The battle aboard the magic train between the severely underpowered Wolfina and Shackaboon continues as Wolfina tries to stop the vicious tempered lady with the gargantuan eating problem from stomping the encased Emilio to a bloody pulp.

However, even as this battle rages on, the Ring of Dead now living in a host body is not lying quite as dormant as some would maybe expect!

Meanwhile Gamma Akutabi continues his chase of the train in order to stop it and save the plucky reporter and her brother, though as events will turn out, he may not have to chase it after all – though he certainly will need to think up of something fast if he wants to save the hapless town of Alcantara!

As the main storyline begins to wrap itself up and the final battle plays itself out, gears shift as Tite moves to end off this last volume in the series as neatly as possible, introducing a host of new characters as well as a potential solution to Emilio’s condition, never mind opening up a few more mysteries and glimpses into the past in order to tantalise our tastebuds should he ever decide to return to his creation at some point on later in his already illustrious career.

As we all know by now, ZombiePowder first kicked off in 1999, but after only four volumes’ worth of material, Tite Kubo changed direction and instead kicked off the serialization of Bleach back in 2001, which obviously then shot to fame in a blink of the eye and alongside Naruto, became one of the most popular and eagerly followed Shonen manga pieces out there today.

ZombiePowder saw the end of the light of day with this final volume (which gets padded like all the previous volumes with a bonus Tite Kubo piece of work, entitled Bad Shield United,) but looking back over the four volumes you find that this really was an entertaining piece of work – short yes, but very indicative of what was still to come in terms of Tite’s work.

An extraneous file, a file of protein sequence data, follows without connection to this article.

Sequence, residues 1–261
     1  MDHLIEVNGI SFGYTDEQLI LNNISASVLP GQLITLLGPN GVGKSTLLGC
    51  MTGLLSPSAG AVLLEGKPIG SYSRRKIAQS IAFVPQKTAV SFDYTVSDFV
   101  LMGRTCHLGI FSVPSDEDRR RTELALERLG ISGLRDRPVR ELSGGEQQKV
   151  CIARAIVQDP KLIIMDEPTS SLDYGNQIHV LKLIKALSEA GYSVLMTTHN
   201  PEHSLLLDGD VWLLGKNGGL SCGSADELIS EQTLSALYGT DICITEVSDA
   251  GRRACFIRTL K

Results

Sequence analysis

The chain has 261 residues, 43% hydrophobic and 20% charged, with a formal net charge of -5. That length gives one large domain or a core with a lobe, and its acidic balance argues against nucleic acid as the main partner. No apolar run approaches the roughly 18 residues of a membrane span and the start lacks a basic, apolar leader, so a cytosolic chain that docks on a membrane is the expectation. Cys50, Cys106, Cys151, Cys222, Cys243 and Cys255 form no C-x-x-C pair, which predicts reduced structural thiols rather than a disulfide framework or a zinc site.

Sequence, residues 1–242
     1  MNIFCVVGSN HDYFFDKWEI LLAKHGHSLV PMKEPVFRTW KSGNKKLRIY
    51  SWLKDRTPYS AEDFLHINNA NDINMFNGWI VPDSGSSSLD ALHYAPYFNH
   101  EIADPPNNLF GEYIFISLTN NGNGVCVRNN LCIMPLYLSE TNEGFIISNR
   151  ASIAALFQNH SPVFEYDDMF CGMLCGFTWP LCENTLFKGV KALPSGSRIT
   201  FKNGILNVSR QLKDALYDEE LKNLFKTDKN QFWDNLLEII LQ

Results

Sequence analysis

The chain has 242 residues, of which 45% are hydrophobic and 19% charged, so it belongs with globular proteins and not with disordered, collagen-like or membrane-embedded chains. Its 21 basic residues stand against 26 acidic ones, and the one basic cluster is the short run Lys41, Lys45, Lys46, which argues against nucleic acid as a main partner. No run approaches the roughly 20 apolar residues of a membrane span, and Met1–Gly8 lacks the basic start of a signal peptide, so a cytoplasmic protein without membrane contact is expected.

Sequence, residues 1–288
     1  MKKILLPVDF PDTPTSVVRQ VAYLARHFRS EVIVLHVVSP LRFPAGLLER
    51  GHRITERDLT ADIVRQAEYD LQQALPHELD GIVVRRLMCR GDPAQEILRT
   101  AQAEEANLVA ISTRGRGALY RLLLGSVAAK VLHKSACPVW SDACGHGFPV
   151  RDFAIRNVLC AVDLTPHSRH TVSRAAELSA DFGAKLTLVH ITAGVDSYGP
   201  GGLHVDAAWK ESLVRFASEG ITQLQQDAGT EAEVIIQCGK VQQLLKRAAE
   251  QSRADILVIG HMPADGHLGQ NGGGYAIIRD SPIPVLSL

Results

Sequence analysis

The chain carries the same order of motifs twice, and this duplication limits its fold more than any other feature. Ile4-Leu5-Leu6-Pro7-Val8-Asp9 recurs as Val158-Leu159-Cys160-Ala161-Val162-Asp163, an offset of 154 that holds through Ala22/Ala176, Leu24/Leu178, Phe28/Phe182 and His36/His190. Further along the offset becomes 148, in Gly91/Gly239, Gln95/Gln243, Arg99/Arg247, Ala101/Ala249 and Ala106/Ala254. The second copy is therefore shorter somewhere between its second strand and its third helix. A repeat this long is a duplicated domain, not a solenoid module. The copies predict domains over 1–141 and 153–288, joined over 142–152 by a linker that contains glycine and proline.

The story telling style remains the same, with some insane action sequences, larger than life characters with varied and unusual abilities, that same mixture of completely unexpected black humour or just plain slapstick silliness that he is famous for, and of course that bold, sketchy art style of his that emphasizes poses and characters to tell the action-packed story while only including the smallest amount of background detail that he can possible get away with.

Of course, Volume 4’s story does gear down quite a bit and is probably the least exciting of the four volumes as a whole, but Tite does go to great pains to wrap everything up quite neatly for us as the readers and in so doing, crafts an ending that leaves it open enough so that he can continue with the story sometime in the future should he so wish, or simply leave it as is without disappointing anyone really.

In terms of art, his sketchy angular work remains as enthralling as ever and he captures the character interactions perfectly as always. He does for some or other reason continue with that stupid idea of his of always only filling in one eye of a character wearing spectacles and of course remains as light as ever on anything background related, but as per usual his artwork works for this type of book perfectly.

So in summary, volume 4 of this short-lived tail contains everything that one enjoyed about the first three volumes and serves as the perfect (if a little hurried) wrap up of what in the end was a decent tail and more importantly, a great glimpse of what the now legendary mangaka Tite Kubo was able to do before he moved onto his record shattering Bleach!

In other words, only four volumes long and you still haven’t picked this one up for your collection? O.o

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